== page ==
This Dark Age

A manual for life in the modern world.

By Daniel Schwindt

NOTICE:
This Dark Age is now available in paperback on Amazon. The print version is MUCH cleaner than this online version, which is largely unedited and has fallen by the wayside as the project has grown. If you’ve appreciated my writing, please consider leaving a review on the relevant paperback volumes. The print edition also includes new sections (Military History, War Psychology, Dogmatic Theology).

Volume 1 | Volume 2 | Volume 3| Volume 4 | Volume 5 | Volume 6

Both the individual and the State have roles to play

First and foremost we need to put behind us the most typical objection to public action on the part of the poor, which says that the public authority ought to leave such things to “private charity,” on the assumption that the State has no legitimate interest in the problem—a patently absurd notion, to be sure, but common nonetheless. To this the United States bishops have answered rightly that:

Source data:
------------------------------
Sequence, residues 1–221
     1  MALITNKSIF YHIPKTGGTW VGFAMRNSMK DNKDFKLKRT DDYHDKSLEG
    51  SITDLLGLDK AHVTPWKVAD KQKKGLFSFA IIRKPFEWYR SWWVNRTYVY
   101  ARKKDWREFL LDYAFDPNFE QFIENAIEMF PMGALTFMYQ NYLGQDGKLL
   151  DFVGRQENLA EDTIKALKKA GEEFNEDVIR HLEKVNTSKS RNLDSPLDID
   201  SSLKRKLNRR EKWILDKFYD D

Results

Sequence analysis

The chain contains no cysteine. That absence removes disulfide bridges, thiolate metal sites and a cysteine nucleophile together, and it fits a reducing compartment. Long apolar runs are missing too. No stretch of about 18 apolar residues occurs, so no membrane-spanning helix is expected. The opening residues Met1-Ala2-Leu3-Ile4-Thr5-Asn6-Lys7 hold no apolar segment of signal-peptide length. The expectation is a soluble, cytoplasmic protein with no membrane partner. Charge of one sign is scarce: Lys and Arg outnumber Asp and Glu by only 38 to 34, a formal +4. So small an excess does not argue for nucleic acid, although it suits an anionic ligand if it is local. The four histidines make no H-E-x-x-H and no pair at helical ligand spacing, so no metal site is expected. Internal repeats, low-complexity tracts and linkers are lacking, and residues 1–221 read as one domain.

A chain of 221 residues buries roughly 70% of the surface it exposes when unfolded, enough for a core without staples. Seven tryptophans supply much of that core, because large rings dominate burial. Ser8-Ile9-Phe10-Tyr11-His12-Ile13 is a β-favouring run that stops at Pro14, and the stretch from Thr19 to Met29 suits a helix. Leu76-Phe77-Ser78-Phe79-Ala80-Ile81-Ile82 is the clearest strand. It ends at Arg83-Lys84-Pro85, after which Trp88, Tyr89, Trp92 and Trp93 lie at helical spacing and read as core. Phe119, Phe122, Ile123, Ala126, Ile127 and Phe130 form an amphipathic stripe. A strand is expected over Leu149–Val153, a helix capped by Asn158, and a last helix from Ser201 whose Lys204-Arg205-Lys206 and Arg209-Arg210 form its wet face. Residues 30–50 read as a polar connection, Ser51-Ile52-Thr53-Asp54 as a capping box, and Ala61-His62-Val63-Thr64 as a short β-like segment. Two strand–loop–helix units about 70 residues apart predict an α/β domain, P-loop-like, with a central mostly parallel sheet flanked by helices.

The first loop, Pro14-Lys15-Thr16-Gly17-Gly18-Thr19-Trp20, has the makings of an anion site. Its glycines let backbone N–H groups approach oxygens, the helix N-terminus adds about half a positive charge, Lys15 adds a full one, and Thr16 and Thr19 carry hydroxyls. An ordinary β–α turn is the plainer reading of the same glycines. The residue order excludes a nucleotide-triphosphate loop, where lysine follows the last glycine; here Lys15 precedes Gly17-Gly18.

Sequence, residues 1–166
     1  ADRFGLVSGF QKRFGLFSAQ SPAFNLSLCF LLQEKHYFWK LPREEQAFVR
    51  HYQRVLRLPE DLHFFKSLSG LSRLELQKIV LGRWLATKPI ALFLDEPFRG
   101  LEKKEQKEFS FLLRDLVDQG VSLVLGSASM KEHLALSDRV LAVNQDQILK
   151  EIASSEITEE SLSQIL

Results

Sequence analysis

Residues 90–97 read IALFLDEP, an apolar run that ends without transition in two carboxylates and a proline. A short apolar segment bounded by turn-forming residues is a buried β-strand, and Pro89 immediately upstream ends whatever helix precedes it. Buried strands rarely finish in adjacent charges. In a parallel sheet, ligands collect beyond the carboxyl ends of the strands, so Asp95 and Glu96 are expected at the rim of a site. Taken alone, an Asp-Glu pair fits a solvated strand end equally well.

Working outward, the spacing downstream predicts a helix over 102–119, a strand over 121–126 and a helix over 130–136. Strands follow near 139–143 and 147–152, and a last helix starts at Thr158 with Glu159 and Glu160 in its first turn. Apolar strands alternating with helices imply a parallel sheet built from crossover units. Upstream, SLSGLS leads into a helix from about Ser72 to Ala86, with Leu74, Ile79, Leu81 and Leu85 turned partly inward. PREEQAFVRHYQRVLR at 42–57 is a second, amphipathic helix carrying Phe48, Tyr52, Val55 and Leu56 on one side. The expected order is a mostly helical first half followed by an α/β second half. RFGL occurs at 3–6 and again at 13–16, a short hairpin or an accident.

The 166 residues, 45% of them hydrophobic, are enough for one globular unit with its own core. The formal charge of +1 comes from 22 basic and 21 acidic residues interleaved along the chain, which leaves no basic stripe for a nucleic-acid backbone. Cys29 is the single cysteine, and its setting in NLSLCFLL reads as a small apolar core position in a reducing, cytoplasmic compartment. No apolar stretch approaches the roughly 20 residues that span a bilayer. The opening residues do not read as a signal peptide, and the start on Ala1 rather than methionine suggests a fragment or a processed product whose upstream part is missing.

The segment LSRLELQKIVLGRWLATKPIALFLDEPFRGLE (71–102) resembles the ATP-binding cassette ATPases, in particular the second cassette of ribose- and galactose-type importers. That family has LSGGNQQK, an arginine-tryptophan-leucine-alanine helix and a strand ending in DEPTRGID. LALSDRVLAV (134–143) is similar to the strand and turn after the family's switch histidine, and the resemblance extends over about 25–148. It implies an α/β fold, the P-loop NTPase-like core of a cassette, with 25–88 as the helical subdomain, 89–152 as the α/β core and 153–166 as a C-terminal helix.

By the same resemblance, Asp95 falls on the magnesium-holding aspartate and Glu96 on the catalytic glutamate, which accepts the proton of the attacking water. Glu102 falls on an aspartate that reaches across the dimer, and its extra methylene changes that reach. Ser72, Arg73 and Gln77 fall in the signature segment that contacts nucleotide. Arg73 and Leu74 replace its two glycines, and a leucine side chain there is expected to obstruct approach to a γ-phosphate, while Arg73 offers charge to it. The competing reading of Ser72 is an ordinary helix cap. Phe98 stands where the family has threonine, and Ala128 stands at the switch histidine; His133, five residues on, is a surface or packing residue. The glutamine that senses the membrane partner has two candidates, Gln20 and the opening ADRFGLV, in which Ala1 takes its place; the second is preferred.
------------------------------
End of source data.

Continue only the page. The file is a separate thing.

“The responsibility for alleviating the plight of the poor falls upon all members of society. As individuals, all citizens have a duty to assist the poor through acts of charity and personal commitment. But private charity and voluntary action are not sufficient. We also carry out our moral responsibility to assist and empower the poor by working collectively through government to establish just and effective public policies.”[1]

[1] Economic Justice for All, 189.

Share This